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Publications (2)11.24 Total impact

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    ABSTRACT: The aim of this study was to investigate the effects of institutional volume on postoperative mortality in patients undergoing emergency major colorectal surgical procedures in England between 2001 and 2005. All of the emergency excisional colorectal procedures performed between the above dates were included from the Hospital Episode Statistics data set. Institutions were divided into high-, medium-, and low-volume tertiles according to the total major emergency colorectal caseload. During the study period, 37,094 emergency excisional colorectal procedures were performed in 166 English National Health Service institutions. Overall 30-day postoperative mortality was 15.49%, increasing to 29.18% at 1 year after surgery. Overall 30- and 365-day mortality rates were similar among institutional volume tertiles (P > .05) after adjustment for age, sex, social deprivation, diagnosis, procedure type, and comorbidity score. Hospital Episode Statistics data suggest that institutions with high volumes of emergency colorectal caseload do not demonstrate lower mortality after emergency major excisional colorectal surgery.
    Diseases of the Colon & Rectum 04/2010; 53(4):393-401. · 3.34 Impact Factor
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    ABSTRACT: This study investigated length of stay, readmission rates, and postoperative mortality in adult patients undergoing traditional and laparoscopic appendectomy in England between April 1, 1996, and March 31, 2006. All procedures coded to the "H01-Emergency Excision of Appendix" procedure code in the Hospital Episode Statistics database were included. Multivariate analyses were used to identify independent predictors of length of hospital stay, 30-day and 365-day mortality. A total of 259,735 procedures were assigned to the H01-Emergency excision of appendix OPCS-4 3-digit code procedure between 1996 and 2006. A laparoscopic technique was employed in 16,315 (6.3%). A greater proportion of deaths occurred in hospital within 30 days of "open" appendectomy surgery (0.25%) compared with procedures utilizing a laparoscopic technique (0.09%, P < 0.001). One-year mortality rates, measured over a 5-year period, were also higher after open surgery (0.64% vs. 0.29%, P < 0.001). Multiple logistic regressions demonstrated that an open operative technique, older age, male gender, and increasing comorbidity were strong independent determinants of early and 1-year postoperative mortality after emergency appendectomy. The duration of stay for patients undergoing open emergency appendectomy exceeded that for patients undergoing the laparoscopic technique (P < 0.001). Patients undergoing a laparoscopic technique were, however, more likely to be readmitted within 28 days of surgery (7.10% vs. 4.95%, P < 0.001). Laparoscopic appendectomy is safe and associated with lower postoperative mortality rates than open procedures. The cost implications are uncertain as this technique is associated with shorter hospital stay but higher subsequent readmission rates.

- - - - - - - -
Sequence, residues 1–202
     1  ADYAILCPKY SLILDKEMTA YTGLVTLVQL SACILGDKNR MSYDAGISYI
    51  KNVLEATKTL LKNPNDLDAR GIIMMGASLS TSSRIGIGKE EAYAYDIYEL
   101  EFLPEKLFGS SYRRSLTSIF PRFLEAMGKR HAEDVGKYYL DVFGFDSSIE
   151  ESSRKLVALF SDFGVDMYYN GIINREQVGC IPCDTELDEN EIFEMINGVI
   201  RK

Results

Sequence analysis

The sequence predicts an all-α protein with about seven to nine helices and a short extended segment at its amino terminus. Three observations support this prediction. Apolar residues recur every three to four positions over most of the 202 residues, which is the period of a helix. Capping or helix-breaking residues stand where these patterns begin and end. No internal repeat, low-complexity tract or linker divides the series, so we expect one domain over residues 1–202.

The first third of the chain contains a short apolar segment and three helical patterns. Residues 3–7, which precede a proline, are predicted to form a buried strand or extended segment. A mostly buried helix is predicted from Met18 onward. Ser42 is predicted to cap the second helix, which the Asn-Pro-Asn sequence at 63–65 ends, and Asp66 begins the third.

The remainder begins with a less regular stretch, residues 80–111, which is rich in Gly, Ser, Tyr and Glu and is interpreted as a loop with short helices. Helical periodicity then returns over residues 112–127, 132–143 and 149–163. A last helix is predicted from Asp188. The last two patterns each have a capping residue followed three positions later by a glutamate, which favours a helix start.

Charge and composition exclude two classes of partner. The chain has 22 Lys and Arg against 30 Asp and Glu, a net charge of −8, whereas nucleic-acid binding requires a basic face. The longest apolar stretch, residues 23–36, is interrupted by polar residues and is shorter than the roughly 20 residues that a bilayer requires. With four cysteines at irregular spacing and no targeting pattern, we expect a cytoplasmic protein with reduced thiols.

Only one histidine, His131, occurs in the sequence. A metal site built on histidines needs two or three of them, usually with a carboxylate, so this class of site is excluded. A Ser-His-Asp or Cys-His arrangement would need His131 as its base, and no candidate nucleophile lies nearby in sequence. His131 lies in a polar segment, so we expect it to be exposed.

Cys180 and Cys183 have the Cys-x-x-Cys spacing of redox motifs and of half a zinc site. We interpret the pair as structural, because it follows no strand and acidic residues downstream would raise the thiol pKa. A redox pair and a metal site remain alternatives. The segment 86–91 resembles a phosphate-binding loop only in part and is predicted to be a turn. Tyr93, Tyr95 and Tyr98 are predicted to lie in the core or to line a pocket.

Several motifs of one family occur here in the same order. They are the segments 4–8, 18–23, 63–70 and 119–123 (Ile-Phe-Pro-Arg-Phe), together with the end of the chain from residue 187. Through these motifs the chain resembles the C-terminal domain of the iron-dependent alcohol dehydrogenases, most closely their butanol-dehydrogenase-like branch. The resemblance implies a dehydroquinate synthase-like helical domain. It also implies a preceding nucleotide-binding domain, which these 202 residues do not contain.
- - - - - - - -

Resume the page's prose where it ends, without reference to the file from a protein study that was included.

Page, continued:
Annals of surgery 11/2008; 248(5):800-6. · 7.90 Impact Factor